Raymond J. Olsufka was my uncle. In 1966, he joined the Army and served two years with the Radio and Communications Service. My Uncle Ray came home from the war and tried to live his life. But, on May 25, 1976, my Uncle Ray died by suicide. He was 33 years old. I was ten. He left behind a wife, a four-year old daughter, and an 18-month old son. He was my mom’s little brother, the youngest of ten kids, born and raised in Duncan, Nebraska. The Olsufkas were hell-raisers and popular. Everyone knew the Olsufkas.
As with many farm families, the age range of the kids was wide. In fact, Uncle Ray was only a few years older than my oldest first cousin, which allowed them to have a relationship that wasn’t just about uncle/nephew but also about being friends. Because he was so young, Uncle Ray was considered a friend of many of my older cousins. My sister, Denise, and Uncle Ray had that kind of relationship. She talked with him often, gravitated toward him at family functions (a lot of us kids did), and would, eventually, serve as a reliable babysitter to his two kids. I remember Uncle Ray as being the cool uncle in the group. He rode a motorcycle; he gave us all rides on the dirt roads around Duncan; and, he was a light in everyone’s eyes. His sisters cooed and fussed after him. He seemed like he had it all together.
Home CountyPlatte County
BornJuly 18, 1942
DiedMay 25, 1976
But, that was not entirely true. Today, we know what PTSD is and how to look for it in our military personnel who have served in violent and disturbing conflicts. In the 1970’s, no one had ever heard of PTSD. No one knew. No. One. On the outside, my uncle’s life looked like it should. A wife. Two kids. A job working construction. Love and admiration from his family. But, the party-loving traditions of a large Polish farm family from a small Nebraska town started to get the better of him. Eventually, the chaos that I believe he must have been suffering did get the better of him and he took his own life.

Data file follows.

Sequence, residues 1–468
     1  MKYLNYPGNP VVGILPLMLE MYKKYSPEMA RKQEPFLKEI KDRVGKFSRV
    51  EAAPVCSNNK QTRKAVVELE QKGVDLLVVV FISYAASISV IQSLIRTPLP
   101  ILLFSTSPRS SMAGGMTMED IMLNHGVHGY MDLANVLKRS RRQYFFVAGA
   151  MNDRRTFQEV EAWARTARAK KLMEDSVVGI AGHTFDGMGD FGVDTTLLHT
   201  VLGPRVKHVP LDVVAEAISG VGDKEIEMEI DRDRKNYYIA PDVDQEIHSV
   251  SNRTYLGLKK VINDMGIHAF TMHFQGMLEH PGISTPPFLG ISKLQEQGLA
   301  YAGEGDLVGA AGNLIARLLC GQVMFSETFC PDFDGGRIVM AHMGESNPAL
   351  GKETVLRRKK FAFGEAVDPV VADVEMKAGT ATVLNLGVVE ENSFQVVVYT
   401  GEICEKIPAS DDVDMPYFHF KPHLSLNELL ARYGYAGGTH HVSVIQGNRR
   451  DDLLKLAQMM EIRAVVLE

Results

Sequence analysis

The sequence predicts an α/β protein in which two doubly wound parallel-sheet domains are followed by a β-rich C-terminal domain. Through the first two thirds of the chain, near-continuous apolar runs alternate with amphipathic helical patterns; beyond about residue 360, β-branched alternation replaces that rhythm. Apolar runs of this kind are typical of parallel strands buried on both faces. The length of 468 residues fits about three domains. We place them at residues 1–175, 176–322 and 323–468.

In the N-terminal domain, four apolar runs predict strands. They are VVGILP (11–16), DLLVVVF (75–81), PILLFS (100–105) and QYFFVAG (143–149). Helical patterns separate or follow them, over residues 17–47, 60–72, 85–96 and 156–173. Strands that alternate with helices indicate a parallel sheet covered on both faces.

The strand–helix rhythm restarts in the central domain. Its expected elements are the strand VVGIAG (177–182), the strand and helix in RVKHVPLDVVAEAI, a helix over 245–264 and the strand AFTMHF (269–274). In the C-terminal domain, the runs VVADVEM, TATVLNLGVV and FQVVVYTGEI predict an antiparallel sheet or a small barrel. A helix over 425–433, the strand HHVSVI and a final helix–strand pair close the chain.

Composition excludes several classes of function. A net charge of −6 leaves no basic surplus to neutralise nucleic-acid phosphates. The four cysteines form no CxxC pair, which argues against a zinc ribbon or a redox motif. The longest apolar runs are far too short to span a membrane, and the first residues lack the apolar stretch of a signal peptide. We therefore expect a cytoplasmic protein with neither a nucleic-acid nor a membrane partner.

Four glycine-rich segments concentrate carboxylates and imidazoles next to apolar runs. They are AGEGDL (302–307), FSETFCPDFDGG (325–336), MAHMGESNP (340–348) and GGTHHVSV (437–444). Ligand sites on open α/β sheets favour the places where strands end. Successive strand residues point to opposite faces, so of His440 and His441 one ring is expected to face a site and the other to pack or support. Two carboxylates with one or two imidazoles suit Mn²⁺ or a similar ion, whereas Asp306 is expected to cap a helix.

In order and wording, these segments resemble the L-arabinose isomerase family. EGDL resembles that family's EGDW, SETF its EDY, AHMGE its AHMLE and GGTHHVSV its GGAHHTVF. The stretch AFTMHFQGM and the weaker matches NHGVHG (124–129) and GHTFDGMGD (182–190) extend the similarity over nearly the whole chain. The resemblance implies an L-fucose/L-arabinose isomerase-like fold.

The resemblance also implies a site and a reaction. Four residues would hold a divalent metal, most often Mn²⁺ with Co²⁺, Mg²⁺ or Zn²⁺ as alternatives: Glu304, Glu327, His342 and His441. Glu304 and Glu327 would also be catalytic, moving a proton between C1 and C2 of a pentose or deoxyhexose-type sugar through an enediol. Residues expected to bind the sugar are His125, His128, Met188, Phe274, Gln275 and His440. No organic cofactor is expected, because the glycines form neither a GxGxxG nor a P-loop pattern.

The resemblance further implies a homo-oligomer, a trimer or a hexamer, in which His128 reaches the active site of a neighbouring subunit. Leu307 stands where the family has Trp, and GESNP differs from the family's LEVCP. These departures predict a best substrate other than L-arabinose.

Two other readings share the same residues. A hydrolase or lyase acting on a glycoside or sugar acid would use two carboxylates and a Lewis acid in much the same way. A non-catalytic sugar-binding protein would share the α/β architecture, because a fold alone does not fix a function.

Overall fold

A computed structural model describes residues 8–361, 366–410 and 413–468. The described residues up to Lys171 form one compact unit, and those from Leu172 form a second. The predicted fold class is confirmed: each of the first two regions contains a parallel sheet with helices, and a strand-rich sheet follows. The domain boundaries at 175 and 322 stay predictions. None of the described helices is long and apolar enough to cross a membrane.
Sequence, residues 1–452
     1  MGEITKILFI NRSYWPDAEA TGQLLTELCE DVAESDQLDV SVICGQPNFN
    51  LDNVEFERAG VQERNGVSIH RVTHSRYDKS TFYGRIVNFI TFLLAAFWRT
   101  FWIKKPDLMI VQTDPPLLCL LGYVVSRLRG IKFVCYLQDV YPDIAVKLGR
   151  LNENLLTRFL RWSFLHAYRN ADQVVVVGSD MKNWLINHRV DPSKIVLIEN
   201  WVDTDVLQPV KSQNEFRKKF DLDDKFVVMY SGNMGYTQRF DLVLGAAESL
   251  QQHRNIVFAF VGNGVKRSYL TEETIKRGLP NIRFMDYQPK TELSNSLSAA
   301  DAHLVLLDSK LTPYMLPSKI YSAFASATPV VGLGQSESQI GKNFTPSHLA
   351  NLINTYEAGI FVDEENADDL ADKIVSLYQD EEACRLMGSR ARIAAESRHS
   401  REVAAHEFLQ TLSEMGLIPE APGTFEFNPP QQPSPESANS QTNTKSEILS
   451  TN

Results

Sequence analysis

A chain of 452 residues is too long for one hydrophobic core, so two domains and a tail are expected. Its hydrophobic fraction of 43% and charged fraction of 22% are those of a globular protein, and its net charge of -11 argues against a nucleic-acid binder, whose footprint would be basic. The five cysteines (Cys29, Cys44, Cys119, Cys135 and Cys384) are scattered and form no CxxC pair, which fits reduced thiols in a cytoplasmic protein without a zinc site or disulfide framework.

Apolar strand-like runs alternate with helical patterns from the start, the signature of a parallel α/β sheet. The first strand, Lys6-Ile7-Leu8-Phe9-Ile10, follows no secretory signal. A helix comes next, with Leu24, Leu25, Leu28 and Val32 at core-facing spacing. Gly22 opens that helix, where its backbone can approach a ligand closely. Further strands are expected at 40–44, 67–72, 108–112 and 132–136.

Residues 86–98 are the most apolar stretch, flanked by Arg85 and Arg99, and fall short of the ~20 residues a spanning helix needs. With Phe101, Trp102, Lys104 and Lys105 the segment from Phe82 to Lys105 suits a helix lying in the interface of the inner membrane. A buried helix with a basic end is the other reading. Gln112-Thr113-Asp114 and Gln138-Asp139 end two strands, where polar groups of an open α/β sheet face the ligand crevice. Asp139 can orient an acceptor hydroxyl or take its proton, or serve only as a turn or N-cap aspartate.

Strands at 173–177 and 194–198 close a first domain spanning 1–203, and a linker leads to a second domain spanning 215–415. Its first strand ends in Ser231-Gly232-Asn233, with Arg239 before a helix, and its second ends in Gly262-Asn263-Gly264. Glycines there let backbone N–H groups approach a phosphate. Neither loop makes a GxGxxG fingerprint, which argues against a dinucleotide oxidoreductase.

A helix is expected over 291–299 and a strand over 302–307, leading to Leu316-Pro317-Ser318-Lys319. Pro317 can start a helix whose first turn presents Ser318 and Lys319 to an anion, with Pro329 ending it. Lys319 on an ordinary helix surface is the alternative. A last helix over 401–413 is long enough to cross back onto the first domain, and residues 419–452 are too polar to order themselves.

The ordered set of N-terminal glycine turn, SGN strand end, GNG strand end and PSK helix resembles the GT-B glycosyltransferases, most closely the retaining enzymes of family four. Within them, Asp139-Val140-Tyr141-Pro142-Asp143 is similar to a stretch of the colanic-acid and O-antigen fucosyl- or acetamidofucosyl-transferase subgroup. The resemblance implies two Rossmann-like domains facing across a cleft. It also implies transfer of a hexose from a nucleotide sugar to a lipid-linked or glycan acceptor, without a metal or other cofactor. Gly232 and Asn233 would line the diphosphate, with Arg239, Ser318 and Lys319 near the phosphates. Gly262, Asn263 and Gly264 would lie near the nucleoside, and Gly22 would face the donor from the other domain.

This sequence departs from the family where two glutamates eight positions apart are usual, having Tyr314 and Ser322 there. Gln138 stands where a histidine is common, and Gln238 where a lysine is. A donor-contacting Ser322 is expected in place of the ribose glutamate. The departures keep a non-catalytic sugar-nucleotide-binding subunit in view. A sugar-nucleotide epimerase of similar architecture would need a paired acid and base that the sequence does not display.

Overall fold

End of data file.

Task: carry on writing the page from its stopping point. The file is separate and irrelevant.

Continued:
At the time I am writing this, it’s been 44 years since that awful day. But, that day has colored each and every one of the days that has passed since then. My mom and aunts have carried an anger and a disbelief about what happened since then. There has been blame bestowed where it probably shouldn’t be because we didn’t understand the complete picture. My uncle’s son looks just like him and my aunts look wistfully at him and tell him how much he looks like my uncle. I’m not sure he remembers his dad, but he certainly lives in his shadow. We’ve never really talked about IT to each other but IT always comes up when Uncle Ray’s name is mentioned. It’s been a quiet shame as most suicides are. But we SHOULD talk about IT.
Why do I share this? My Uncle Ray was not Killed in Action, that is true. But, he did die after The Action. He was part of The Aftermath and he, and so many others, deserves to be remembered.
I believe what he experienced in Vietnam actively contributed to his suicide, but Raymond J. Olsufka is more than his death. He was a son, a husband, a father, a brother, an uncle, and a friend who is deeply loved. He was cool. He was handsome. He was talented and he worked hard. And he, and everything that could have been, is missed. Raymond J. Olsufka was a Vietnam Veteran and making sure he is here, for you to know him and his name, is why I share this. I love my Uncle Ray and I am grateful for the sacrifices he made for us.